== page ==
Statement by John King, Chairman of the Takeovers Panel - 27 February 2001

Takeovers Panel Prepares For New Code

The issue of takeovers is very much in the limelight.

The Montana affair highlighted changes that will take place under the new Takeovers Code. For example, if the Code had been in force both Lion Nathan and Allied Domecq would have been obliged to make written offers to all Montana shareholders.

The Montana takeover drew attention to the new Code which comes into force in July. However, the Code is only part, albeit an important part, of a comprehensive new takeovers regime. Central to this new regime is the Takeovers Panel itself.

Takeovers Panel
The Panel is a body corporate established under the Takeovers Act 1993. We have existed since 1995, and before that as an advisory committee formed in 1991.

The Code that we submitted to Government in 1995 was placed on the shelf and consequently the Panel has been in abeyance until last year when the present Government decided to introduce the Code.

Members of the Panel

Government is advertising for new members, so, over the next few months there will be some changes in the membership of the Panel. My re-appointment as Chairman for another two years was announced by the Minister of Commerce last week.

The Panel's role

The Panel is a very important part of the takeovers regime. Its first task, which is now complete, was to prepare the Code.

The Panel's ongoing responsibilities include very wide powers to enforce the Code, granting exemptions from the Code and promoting public understanding of the law and practice relating to takeovers.

Preparing for the Code

The Panel is now preparing for the Code becoming law on 1 July.

The Government decided that the Panel will be resourced by the Securities Commission rather than establishing a new organisation. This is cost effective and provides the Panel with the benefits of the infrastructure developed by the Commission over many years.

However, although we share offices and use the resources of the Securities Commission, the Panel is an independent body.

All the establishment nuts and bolts are well advanced. In particular, our web site ( is now live and the first issue of the Panel's newsletter, "Code Word", has been published.

Exemptions from the Code

The waiver granted by the New Zealand Stock Exchange's Market Surveillance Panel in the Montana affair has raised the issue of the role of exemptions under the Code.

The Takeovers Panel will not grant exemptions which undermine the fundamental principles of the Code.

However, exemptions are needed because some technical issues arise from the new Code. For example, inadvertent breaches of the code may occur in a number of ways:

  • a rights issue may inadvertently increase a shareholder's votes beyond the threshold of 20% even though it only takes up its pro rata entitlement; or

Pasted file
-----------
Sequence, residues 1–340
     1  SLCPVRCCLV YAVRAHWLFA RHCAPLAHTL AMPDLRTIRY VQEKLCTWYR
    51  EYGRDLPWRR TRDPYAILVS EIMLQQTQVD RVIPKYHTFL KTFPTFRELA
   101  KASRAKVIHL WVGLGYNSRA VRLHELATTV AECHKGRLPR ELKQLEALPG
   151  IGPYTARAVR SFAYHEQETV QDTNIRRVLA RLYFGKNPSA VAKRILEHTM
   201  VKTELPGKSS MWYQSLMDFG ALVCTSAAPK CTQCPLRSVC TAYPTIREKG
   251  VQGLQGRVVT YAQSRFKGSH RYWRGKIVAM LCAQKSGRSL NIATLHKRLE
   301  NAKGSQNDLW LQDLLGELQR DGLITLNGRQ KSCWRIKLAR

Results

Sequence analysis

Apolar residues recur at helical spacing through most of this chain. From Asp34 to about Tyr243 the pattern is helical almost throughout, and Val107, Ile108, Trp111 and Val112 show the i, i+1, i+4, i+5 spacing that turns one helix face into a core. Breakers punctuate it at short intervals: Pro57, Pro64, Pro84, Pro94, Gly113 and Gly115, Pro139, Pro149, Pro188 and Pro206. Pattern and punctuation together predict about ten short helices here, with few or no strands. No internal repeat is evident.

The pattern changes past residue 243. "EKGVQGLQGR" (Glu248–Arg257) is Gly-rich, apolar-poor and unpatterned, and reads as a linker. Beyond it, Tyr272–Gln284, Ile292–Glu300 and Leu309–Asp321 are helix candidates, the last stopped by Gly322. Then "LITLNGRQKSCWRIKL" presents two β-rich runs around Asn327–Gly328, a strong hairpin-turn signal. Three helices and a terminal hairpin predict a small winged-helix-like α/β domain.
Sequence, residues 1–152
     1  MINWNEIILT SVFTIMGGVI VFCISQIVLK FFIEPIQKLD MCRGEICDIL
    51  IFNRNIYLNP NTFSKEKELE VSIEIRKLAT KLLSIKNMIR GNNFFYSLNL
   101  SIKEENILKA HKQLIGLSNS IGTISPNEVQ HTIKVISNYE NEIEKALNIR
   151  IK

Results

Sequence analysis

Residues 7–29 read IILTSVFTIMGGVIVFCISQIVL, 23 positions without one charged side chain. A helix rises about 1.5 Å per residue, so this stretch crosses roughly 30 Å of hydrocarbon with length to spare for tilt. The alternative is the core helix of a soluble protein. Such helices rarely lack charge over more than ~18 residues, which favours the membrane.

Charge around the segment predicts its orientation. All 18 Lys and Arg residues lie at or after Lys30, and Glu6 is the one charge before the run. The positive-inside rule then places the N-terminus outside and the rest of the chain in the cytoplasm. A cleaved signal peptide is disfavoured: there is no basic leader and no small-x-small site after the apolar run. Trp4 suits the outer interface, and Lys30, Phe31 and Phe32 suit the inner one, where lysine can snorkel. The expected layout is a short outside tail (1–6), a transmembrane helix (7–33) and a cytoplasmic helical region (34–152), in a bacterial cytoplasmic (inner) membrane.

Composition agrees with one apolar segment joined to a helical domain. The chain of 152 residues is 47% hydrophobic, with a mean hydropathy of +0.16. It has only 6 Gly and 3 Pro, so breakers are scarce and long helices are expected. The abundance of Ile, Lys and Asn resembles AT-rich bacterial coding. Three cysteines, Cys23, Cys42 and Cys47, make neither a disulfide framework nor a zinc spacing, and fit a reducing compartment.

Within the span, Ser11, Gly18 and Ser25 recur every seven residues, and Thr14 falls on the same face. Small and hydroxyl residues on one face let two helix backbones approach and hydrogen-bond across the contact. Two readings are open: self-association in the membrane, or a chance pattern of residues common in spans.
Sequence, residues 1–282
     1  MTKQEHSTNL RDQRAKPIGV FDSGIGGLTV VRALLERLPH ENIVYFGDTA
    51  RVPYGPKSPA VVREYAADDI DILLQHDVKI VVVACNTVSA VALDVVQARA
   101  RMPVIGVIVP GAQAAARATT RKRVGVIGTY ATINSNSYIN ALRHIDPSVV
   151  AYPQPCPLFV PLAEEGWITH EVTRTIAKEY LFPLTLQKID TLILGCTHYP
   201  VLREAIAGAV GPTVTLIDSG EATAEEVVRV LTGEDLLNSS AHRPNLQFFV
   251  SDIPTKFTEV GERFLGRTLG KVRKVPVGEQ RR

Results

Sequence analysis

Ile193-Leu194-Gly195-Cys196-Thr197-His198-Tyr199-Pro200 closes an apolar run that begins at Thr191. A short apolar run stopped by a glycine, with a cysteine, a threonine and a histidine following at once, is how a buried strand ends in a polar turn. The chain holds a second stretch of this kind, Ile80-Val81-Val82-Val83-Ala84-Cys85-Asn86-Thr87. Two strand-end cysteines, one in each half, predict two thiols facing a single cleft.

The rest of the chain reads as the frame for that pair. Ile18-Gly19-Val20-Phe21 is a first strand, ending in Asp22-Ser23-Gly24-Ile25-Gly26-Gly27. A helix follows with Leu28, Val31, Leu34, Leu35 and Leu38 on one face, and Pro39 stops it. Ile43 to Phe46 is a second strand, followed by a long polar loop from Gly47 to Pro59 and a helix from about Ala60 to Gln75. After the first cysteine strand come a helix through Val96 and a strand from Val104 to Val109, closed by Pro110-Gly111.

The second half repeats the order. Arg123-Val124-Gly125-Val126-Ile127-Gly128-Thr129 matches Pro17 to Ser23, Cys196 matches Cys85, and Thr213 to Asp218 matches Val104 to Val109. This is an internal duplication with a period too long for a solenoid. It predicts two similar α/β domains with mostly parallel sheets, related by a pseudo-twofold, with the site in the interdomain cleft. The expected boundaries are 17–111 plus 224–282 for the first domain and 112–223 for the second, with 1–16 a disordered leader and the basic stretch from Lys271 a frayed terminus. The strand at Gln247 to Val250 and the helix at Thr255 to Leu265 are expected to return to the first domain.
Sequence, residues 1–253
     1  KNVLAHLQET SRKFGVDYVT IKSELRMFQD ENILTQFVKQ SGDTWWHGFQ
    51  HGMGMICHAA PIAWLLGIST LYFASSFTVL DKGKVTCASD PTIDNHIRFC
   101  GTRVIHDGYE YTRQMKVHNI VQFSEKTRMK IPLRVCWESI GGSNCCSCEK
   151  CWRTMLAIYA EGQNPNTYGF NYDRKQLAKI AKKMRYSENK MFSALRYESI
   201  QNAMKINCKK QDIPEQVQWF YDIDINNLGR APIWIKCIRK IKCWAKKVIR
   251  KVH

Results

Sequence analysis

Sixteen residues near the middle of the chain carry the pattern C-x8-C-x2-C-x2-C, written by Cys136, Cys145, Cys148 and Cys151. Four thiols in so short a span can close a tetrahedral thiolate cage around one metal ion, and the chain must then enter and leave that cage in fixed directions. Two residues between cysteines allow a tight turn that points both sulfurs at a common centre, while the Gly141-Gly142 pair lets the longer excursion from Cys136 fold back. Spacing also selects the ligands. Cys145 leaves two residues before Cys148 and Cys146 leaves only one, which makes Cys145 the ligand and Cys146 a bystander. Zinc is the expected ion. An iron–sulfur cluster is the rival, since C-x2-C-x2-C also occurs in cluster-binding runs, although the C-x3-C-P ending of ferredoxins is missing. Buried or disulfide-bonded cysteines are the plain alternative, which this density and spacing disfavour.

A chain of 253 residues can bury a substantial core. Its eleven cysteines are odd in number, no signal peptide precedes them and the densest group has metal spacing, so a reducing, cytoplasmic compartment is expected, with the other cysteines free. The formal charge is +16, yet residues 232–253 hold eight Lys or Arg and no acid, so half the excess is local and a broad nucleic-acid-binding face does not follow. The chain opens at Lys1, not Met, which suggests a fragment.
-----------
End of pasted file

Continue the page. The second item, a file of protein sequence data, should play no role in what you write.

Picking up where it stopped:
• with nominee companies and trustees the strict legal position is that the votes are exercised by the registered holder of the shares even though the beneficiary may control the exercise of those votes.

And there are other examples.

Class exemptions will ensure that shareholders and others do not unwittingly breach the Code. This is important as there are very heavy penalties for breaching the Code.

On the other hand class exemptions will always be consistent with the basic principles of the Code.


The class exemptions are well advanced. We expect to seek public comment on the draft exemptions in mid March. They will be reviewed in the light of the public submissions before they are formally adopted by the Panel.


The Takeovers Act contains a comprehensive regime for enforcing the Code. The Panel is central to this regime and has very wide powers.

The Panel can call meetings at short notice and may issue restraining orders, including orders which prevent buying and selling shares and exercising voting rights.

If the Panel is not satisfied that the Code is being complied with then it can extend those restraining orders and apply to the High Court for the appropriate final orders.

On the other hand, if the Panel holds a meeting under the Act and determines that it is satisfied that the Code is being complied with then other parties cannot apply to the High Court under the Takeovers Act. This is to ensure that the litigation process is not used to obstruct the proper operation of the takeovers market.

When matters go to Court, the Court is directed to take account of any determination or recommendation made by the Panel and the Court can also request a recommendation from the Panel.

The Takeovers Code

The Takeovers Code and a summary of the Code in business language are published on our web site.

The voting rights threshold is 20% and that threshold cannot be passed except in compliance with the Takeovers Code. Shareholders with more than 20% of the votes may retain those holdings but cannot increase them except in compliance with the Code.

The procedure for takeover offers requires written offers so that changes in control will not take place by means of a stand in the market. The procedure will result in an orderly process where shareholders will be treated equally. On the basis of proper disclosure and with the assistance of independent advice shareholders will be able to make an informed decision as to whether or not to accept the offer.

Continuing review

The Panel has a responsibility to keep the Code and the takeover market generally under review and to recommend changes to the Government as appropriate. v The Panel is also charged with promoting public understanding of the law and practice relating to takeovers. In this role it will certainly be seeking to interact with the market to facilitate the introduction and operation of the new takeovers regime. John King
Takeovers Panel

27 February 2001

For further information phone John King (09) 367 8270
Catherine Chapman (04) 471 7659